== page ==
Empress Eugénie, consort of Napoleon III, was the owner of numerous magnificent jewels and tiaras. Though many of her jewels were made by court jeweler Bapst, other jewelers also had a hand in creating jewelry for her. Today’s subject is Empress Eugénie’s beautiful pearl and diamond tiara created by jeweler Gabriel Lemonnier.
The tiara has 212 drop-shaped and round pearls weighing 2,520 metric grams. The pearls are surrounded by 1,998 small diamonds weighing 63.3 carats. The tiara was once accompanied by a matching coronet, which had 274 round and drop-shaped pearls, though sadly this piece is now lost to history.
Unfortunately, along with the other crown jewels, the tiara was sold in 1887. It came into the possession of a German princely family, Thurn und Taxis, where the tiara remained intact through the years.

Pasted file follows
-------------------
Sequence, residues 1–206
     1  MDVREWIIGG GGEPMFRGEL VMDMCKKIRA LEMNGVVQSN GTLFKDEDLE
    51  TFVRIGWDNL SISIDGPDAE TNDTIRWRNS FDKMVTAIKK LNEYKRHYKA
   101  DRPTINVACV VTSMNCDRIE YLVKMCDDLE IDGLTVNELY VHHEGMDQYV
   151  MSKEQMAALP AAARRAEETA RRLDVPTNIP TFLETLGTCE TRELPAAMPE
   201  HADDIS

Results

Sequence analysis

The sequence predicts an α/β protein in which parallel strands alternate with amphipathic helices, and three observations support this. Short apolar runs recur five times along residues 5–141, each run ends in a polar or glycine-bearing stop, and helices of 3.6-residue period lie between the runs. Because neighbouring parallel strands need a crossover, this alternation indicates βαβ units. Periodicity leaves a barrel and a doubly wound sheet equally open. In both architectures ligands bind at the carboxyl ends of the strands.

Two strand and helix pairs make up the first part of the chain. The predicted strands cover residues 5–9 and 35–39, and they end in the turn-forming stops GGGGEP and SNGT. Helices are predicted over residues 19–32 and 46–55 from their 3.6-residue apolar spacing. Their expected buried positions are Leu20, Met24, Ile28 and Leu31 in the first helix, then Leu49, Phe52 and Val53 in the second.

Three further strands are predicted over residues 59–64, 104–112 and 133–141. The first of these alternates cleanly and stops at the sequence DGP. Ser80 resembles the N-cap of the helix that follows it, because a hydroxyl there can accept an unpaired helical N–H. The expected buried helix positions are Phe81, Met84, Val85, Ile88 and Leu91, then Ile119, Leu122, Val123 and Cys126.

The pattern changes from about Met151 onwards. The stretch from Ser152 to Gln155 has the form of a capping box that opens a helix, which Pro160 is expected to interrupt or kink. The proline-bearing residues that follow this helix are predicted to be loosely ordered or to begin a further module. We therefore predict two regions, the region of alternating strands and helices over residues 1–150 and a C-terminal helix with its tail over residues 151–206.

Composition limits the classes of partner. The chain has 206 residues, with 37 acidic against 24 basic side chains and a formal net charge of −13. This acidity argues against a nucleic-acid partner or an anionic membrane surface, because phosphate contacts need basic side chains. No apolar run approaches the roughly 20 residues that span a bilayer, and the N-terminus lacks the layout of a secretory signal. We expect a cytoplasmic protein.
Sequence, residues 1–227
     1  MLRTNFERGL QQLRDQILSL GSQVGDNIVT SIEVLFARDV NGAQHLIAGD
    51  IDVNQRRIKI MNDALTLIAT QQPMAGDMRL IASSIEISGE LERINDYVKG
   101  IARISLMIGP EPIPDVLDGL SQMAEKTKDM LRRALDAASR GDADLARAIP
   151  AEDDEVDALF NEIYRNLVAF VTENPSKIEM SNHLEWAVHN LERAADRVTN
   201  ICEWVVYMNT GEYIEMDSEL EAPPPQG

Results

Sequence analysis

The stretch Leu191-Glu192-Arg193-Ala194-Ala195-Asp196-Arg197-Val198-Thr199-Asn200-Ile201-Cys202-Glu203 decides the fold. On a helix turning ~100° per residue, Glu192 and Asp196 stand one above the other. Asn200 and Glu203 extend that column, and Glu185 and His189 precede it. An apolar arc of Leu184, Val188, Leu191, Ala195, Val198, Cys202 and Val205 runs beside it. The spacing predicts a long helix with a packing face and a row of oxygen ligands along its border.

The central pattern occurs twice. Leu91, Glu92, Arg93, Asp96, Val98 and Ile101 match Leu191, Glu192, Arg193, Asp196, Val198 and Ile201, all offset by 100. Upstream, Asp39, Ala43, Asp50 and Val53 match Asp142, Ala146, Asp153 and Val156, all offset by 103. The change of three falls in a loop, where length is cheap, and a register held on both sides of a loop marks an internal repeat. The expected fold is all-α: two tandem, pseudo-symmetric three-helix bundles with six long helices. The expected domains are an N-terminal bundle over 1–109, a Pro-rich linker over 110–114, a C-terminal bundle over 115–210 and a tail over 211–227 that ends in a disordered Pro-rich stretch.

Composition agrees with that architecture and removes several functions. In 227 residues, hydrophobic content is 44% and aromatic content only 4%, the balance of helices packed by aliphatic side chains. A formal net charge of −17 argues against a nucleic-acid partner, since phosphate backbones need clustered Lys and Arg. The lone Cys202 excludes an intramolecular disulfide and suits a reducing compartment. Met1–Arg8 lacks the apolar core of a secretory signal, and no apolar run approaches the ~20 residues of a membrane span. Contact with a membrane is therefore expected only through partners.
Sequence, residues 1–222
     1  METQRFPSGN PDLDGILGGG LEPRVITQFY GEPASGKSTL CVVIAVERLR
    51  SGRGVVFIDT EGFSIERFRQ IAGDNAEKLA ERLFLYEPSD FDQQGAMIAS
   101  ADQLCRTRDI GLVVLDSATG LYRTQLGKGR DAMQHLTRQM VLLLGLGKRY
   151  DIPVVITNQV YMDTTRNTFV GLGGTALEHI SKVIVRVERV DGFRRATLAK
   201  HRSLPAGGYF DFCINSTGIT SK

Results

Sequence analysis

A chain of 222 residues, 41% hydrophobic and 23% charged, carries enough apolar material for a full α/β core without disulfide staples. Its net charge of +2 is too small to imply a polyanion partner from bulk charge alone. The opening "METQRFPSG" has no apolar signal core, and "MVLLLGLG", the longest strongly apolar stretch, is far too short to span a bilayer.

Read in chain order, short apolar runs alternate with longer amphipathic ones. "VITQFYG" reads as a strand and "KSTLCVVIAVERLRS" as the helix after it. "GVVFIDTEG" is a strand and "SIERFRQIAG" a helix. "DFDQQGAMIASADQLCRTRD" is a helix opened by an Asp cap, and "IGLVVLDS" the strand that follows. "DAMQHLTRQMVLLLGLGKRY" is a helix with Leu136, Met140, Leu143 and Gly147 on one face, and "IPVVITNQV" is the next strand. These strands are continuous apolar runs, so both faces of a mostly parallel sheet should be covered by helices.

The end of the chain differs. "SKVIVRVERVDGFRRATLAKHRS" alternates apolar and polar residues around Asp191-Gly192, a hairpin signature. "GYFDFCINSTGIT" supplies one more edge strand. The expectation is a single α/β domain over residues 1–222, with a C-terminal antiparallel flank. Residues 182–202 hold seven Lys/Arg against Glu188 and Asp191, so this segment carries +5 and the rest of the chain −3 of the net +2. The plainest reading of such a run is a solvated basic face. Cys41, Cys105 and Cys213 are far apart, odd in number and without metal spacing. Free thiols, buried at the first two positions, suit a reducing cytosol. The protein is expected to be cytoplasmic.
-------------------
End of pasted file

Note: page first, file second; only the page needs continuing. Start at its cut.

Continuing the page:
Decades later, in 1980, the pearl headpiece was worn as a bridal tiara on the wedding day of Countess Gloria von Schönburg-Glauchau to Johannes, 11th Prince of Thurn und Taxis. When the prince died ten years later, Gloria had to sell the tiara to settle financial debt.
The Louvre Museum purchased the tiara, returning it home to France, where it’s been on display ever since.
The Louvre Museum
Tiaras: A History of Splendour by Geoffrey C. Munn